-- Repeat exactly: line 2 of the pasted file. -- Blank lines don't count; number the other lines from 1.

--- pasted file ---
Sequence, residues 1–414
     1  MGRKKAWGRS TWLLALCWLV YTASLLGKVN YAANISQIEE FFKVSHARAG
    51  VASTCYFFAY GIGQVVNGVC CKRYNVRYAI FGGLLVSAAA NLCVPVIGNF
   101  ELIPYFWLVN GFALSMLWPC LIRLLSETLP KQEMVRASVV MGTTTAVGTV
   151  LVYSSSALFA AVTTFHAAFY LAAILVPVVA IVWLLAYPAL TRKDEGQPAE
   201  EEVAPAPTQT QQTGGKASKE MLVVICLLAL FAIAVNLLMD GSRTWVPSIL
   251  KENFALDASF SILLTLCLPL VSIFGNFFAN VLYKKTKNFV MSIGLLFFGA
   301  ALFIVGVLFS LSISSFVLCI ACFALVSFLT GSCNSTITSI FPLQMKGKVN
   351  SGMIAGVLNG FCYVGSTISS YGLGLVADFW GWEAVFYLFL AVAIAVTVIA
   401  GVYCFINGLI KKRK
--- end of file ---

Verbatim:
     1  MGRKKAWGRS TWLLALCWLV YTASLLGKVN YAANISQIEE FFKVSHARAG